Use this URL to cite or link to this record in EThOS: https://ethos.bl.uk/OrderDetails.do?uin=uk.bl.ethos.800531
Title: Setting the agenda : the World Bank and International Labour Organisation's battle to shape global pension policy
Author: Heneghan, Martin
Awarding Body: University of Sheffield
Current Institution: University of Sheffield
Date of Award: 2019
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Abstract:
Throughout the 1990s and 2000s, the World Bank and the International Labour Organisation (ILO) competed to shape the global pension reform agenda. Inspired by the privatisation of Chile’s pension system in 1981 and its spread across Latin America, the World Bank promoted a partial privatisation of public pension systems across the globe. It was vehemently opposed by the ILO. The World Bank was able to use its lending capacity as leverage into the pension reform debates of the countries of Central Eastern Europe during their transition to market-based capitalism. It supplanted the ILO as the dominant international organisation in the pension reform arena as most countries in the region adopted the World Bank’s preferred pension model. However, at the onset of the of the global economic crisis, the trend went into reverse. Most countries in Latin American and Central and Eastern Europe either scaled back on their privatisation or completely abandoned it. This thesis investigates the impact of these reversals on global pension policy. It draws on an analysis of 104 pension documents and 25 elite interviews from senior policy makers in the World Bank, ILO and Central and Eastern Europe to analyse global pension policy. It deploys an Agency, Structure, Institutions, Discourse (ASID) framework to explore the process of pension reform and counter-reform in Central and Eastern Europe, the development of the pension policies of the ILO and World Bank, and the relationship between them. The thesis tells the story of how the ILO has managed to reassert itself in the global debate and international agenda-setting process through the promotion of its flagship national social protection floors. It now works much more closely with the World Bank, which abandoned its pension privatisation campaign and works closely with the ILO to extend pensions coverage.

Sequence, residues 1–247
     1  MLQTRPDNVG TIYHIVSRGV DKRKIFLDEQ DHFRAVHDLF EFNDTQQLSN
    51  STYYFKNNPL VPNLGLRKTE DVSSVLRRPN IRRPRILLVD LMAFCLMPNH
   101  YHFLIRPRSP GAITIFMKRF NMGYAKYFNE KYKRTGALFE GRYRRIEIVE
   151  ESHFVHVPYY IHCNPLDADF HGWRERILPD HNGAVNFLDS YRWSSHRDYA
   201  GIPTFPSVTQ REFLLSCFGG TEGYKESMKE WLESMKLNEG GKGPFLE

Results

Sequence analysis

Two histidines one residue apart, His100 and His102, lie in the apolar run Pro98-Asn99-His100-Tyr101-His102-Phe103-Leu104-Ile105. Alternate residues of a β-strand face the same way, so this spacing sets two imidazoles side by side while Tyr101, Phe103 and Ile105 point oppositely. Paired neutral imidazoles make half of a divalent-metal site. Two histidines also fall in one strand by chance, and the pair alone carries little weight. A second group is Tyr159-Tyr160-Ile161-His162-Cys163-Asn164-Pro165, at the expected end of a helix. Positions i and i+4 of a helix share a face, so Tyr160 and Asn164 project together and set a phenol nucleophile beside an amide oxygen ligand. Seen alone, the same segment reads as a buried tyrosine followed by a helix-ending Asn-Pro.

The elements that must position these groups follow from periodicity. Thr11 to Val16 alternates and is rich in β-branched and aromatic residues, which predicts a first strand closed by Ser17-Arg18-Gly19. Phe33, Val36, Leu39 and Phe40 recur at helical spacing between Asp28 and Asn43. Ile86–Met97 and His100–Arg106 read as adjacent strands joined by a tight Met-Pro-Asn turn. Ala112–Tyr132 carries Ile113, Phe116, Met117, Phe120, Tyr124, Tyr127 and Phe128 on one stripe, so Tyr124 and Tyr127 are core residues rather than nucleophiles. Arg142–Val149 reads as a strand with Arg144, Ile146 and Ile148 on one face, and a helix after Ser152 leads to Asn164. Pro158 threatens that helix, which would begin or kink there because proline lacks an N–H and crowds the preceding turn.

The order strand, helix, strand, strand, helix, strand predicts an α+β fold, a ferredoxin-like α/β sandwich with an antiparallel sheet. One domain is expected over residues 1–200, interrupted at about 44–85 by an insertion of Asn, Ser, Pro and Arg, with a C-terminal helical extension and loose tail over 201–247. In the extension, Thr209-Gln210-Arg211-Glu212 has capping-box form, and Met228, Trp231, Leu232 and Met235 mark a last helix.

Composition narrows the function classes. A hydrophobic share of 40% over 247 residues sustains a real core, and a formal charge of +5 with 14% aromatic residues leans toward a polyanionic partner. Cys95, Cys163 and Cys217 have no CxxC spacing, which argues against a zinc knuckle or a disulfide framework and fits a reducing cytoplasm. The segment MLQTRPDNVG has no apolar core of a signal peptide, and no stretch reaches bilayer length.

Supervisor: Foster, Liam ; Walker, Alan Sponsor: Not available
Qualification Name: Thesis (Ph.D.) Qualification Level: Doctoral
EThOS ID: uk.bl.ethos.800531  DOI: Not available
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